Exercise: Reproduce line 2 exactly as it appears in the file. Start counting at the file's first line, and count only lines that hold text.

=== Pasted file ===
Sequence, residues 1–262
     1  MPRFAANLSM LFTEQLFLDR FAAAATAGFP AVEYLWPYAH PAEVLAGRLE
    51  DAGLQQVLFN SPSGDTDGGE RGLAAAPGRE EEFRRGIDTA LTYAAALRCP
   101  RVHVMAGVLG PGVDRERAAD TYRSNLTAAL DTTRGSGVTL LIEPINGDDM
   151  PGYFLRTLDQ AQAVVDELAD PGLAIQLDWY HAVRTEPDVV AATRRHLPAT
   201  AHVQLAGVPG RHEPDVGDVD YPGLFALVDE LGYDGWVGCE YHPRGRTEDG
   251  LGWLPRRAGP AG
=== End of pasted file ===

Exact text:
     1  MPRFAANLSM LFTEQLFLDR FAAAATAGFP AVEYLWPYAH PAEVLAGRLE